Social Work, University of Wisconsin-Madison (2016)
Cohort Five Fellow
School of Social Work, University of Wisconsin, Madison
Office of Youth Services, Wisconsin Department of Children and Families
Current Institutional Affiliation
Johns Hopkins University 21st Century Cities Initiative: Postdoctoral Fellow
Areas of Expertise
Child Welfare and Foster Care Systems, Economic Supports for Families, Program Evaluation, Difference in Difference Modeling, Latent Growth Curve Modeling, Longitudinal Data Analysis, Hierarchical Linear Modeling, Regression Modeling, Survival Analysis or Hazard Models, Structural Equation Models, Homeless Families and Young People, Infants and Toddlers, Low-Income Families and Individuals, School-aged Children
Emily Warren is a doctoral student in the School of Social Work at the University of Wisconsin-Madison. She works as a research assistant at the Institute for Research on Poverty, working on projects related to housing and child support policy. Ms. Warren's research focuses on ways in which housing hardships impact family functioning and policies that aim to reduce housing-related poverty. She received master’s degrees in social work and public policy from the University of Minnesota-Twin Cities and a bachelor’s degree in anthropology from the University of Kansas. Before graduate school, Ms. Warren worked as a case manager for a transitional housing program, an intern at the Minnesota Housing Finance Agency, and a research associate at Wilder Research in Minneapolis/St. Paul, Minnesota.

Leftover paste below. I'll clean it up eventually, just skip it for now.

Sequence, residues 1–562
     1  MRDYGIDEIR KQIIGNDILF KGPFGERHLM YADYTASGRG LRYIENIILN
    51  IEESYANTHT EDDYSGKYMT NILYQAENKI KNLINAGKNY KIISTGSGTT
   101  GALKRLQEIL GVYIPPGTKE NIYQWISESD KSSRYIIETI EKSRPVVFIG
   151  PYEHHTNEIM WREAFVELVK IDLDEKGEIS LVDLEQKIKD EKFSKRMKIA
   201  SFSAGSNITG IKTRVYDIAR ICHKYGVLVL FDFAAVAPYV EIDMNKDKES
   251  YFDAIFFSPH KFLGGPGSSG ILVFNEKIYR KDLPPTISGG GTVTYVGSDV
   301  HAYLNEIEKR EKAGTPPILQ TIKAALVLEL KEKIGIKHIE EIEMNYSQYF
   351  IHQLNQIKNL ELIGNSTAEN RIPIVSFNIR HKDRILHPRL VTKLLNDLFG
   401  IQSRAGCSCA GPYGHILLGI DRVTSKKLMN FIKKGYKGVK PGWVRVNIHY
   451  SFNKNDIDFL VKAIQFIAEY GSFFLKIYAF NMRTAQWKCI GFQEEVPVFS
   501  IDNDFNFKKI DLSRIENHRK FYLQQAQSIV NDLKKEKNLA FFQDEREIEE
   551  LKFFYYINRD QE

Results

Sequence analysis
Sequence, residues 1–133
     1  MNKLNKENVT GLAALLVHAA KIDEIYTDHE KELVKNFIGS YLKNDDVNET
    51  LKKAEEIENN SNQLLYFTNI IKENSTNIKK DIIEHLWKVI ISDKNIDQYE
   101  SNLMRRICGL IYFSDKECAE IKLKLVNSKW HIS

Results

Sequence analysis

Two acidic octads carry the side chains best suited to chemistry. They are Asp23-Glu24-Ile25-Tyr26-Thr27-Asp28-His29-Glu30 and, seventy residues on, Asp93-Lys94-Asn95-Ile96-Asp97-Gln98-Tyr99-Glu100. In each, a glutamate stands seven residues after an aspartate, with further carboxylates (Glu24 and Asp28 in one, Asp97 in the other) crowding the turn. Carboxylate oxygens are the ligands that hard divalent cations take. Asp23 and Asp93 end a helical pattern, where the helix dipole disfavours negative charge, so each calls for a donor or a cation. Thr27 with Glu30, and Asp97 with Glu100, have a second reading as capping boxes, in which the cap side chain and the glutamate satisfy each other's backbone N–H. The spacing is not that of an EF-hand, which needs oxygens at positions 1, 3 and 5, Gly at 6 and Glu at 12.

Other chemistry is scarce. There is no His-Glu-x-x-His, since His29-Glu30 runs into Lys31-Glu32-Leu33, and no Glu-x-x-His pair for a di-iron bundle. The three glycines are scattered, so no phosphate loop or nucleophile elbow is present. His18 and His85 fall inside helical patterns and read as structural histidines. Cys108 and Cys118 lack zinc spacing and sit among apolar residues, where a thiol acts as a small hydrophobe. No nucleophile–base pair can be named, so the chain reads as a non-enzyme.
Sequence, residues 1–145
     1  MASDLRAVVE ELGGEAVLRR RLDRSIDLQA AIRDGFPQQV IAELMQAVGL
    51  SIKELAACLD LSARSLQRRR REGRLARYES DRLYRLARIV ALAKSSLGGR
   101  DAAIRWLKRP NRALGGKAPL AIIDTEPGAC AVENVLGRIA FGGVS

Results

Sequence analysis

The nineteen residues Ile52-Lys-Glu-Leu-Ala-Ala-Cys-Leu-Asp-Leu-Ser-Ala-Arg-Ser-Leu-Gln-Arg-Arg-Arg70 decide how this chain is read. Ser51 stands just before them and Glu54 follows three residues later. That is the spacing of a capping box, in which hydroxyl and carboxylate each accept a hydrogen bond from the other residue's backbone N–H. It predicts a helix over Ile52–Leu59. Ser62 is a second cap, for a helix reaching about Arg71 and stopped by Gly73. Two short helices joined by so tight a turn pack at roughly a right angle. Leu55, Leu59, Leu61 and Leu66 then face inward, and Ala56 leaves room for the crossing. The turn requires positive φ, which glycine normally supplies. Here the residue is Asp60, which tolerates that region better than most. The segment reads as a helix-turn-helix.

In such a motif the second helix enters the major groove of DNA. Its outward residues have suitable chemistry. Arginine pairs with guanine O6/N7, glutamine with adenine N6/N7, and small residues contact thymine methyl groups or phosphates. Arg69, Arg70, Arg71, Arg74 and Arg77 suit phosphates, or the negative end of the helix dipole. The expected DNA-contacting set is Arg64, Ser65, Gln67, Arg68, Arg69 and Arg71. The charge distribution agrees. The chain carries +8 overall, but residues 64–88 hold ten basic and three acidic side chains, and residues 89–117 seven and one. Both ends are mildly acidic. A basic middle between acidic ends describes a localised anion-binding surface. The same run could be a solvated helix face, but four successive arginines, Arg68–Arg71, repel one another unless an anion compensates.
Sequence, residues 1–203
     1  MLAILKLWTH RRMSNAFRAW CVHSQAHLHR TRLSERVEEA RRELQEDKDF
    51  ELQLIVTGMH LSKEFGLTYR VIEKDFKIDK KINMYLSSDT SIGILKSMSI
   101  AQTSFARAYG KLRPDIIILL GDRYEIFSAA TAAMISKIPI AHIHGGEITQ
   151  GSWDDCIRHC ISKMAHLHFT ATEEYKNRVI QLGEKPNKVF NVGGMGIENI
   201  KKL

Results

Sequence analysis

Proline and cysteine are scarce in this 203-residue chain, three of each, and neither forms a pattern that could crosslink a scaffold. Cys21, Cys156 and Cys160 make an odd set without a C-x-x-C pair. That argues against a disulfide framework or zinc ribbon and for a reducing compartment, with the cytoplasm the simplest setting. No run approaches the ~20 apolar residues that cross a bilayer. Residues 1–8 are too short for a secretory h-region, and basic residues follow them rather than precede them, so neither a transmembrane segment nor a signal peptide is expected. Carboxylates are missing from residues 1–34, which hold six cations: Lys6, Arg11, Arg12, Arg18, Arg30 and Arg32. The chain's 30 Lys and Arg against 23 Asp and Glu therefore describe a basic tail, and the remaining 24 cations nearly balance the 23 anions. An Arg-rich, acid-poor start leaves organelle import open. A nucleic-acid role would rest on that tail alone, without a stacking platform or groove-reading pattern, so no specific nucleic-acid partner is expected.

Housing Hardship Among Low-Income Families with Children: Examining the Role of Tax Benefits for Relieving Housing Stress and Improving Family Functioning
Insecure and inadequate housing is an issue for many families involved in the child welfare system or at risk of involvement. Housing hardships have been consistently associated with abuse or neglect substantiation, out of home placement, and failed reunification efforts. As a means of addressing prevention efforts, this study examines the relationship between housing hardship and family well-being. It contains three papers that have two major aims: 1) investigate the effects of two common forms of insecure housing experienced by low-income families with children, and 2) address the role that federal tax policy may play in reducing housing-related poverty. The first paper examines residential mobility among a sample of low-income families and the extent to which it affects child academic achievement and behavioral health via parental stress. The second paper investigates the extent to which three measures of housing costs impact parental stress. Finally, the third paper explores a tax benefits package for low-income families that addresses housing hardship as a means of improving family stability. Results can contribute to both policy and practice enhancements by increasing our understanding of how housing hardship may uniquely impact family functioning as well as address the extent to which major housing hardship can be alleviated through more generous economic supports.